The case of John Short, 75-year-old Christian missionary now being detained in North Korea for allegedly distributing banned religious materials in the country, might be used as leverage for Australia to reopen North Korea's embassy in Canberra. Korea specialist at the Australian National University, Leonid Petrov, told The Australian.
The reopening of North Korea's embassy was halted as a result of North Korea's nuclear testing activity in 2013.
Mr Petrov said that Mr Short might be asked to plead guilty of his charges publicly, but because of religious passion which all missionaries are known for, Mr Short might not be talked into making a public confession.
"But I doubt that a missionary such as John Short is likely to succumb to pressure by a regime which he abhors," Mr Petrov told The Australian.
Mr Petrov said that Mr Short's plight in the country can worsen by the fact that an Australian, former High Court judge Michael Kirby, led the current UN inquiry about North Korea's human rights violations.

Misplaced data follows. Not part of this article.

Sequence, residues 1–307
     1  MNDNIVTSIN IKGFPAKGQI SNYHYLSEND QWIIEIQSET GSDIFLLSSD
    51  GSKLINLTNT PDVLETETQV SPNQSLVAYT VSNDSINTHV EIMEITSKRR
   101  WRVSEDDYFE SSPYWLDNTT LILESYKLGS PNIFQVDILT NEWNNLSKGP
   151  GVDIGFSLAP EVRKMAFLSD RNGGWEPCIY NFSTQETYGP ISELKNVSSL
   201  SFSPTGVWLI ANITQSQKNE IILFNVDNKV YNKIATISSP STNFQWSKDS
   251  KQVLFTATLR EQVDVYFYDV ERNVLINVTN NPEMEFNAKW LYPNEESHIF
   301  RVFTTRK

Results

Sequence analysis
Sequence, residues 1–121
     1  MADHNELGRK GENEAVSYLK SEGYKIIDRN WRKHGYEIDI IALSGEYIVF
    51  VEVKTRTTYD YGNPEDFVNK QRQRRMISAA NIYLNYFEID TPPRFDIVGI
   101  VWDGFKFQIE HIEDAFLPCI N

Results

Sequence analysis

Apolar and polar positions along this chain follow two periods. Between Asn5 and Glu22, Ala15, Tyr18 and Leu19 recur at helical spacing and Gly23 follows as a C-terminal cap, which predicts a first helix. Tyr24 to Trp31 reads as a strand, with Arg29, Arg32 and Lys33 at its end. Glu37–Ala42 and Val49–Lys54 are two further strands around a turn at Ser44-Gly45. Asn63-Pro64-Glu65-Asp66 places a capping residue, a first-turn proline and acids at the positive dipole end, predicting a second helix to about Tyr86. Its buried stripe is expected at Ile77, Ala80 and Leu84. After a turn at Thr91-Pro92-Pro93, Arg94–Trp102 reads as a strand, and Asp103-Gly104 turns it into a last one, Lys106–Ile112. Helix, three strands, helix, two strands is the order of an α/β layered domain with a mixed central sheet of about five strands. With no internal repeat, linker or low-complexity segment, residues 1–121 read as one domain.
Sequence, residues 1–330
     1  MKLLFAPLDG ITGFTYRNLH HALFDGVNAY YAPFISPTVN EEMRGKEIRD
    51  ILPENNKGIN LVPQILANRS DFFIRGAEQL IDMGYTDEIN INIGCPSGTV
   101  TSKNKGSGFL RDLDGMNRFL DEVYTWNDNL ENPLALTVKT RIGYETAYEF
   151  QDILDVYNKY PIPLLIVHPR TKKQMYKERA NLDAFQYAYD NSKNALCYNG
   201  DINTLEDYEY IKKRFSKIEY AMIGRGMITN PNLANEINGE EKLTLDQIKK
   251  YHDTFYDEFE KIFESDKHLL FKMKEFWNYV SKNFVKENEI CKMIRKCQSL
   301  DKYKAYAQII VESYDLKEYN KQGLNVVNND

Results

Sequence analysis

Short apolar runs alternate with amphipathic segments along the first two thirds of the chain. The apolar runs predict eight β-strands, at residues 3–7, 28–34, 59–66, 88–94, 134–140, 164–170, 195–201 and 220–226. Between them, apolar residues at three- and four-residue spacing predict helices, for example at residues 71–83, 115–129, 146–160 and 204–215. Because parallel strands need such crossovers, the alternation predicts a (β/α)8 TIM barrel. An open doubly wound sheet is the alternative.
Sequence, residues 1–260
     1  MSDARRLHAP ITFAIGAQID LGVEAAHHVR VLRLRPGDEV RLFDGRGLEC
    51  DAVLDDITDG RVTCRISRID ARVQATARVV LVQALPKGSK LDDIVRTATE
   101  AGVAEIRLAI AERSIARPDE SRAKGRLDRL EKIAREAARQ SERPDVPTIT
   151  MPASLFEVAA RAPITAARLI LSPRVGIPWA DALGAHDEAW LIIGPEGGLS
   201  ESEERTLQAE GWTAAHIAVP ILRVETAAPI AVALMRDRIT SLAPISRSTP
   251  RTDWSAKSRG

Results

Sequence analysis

At present, Australia had been in difficult situation negotiating Mr Short's case as Australia does not have a diplomatic presence in North Korea and had been relying on Sweden to handle the case.
"Hundreds of Australians go to North Korea each year both for business and -- sooner or later this was bound to happen. It would much better in this case if we had an ambassador in Pyongyang," Mr Petrov added.
Meanwhile, Australia's foreign minister, Julie Bishop, said in a statement that Australia is still clueless as to where Mr Short was being detained.
Ms Bishop is in the Philippines for the yearly Tour of ASEAN Nations.
"We have made attempts through the Swedish counterparts to establish how he is, where he is and I'm waiting for reports on that so I am rather limited by what I can inform you," Ms Bishop told the press in the Philippines.
Ms Bishop also admitted that she has yet to speak with Karen Short, Mr Short's wife.
Back in Sydney, Prime Minister Tony Abbott advised traveling Aussies to always observe the laws of the countries they are traveling to.
"If you are in another country, be careful to obey their laws. If you're in trouble, the Australian government is there to do its best to help," Mr Abbott said.
North Korea has yet to make statements about Mr Short.
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